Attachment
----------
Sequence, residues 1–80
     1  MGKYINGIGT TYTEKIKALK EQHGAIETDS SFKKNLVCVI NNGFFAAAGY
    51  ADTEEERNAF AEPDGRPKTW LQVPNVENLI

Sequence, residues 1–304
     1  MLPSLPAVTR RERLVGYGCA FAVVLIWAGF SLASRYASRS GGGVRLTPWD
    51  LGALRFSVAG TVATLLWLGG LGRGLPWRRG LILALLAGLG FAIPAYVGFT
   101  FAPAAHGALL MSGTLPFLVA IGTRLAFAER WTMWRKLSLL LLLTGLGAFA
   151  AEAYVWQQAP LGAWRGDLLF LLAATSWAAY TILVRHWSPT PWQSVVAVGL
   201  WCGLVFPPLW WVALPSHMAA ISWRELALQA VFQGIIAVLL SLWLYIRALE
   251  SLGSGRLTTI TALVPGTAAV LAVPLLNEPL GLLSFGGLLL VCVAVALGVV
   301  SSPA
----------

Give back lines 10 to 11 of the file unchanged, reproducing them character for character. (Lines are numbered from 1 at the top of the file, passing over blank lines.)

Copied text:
   251  SLGSGRLTTI TALVPGTAAV LAVPLLNEPL GLLSFGGLLL VCVAVALGVV
   301  SSPA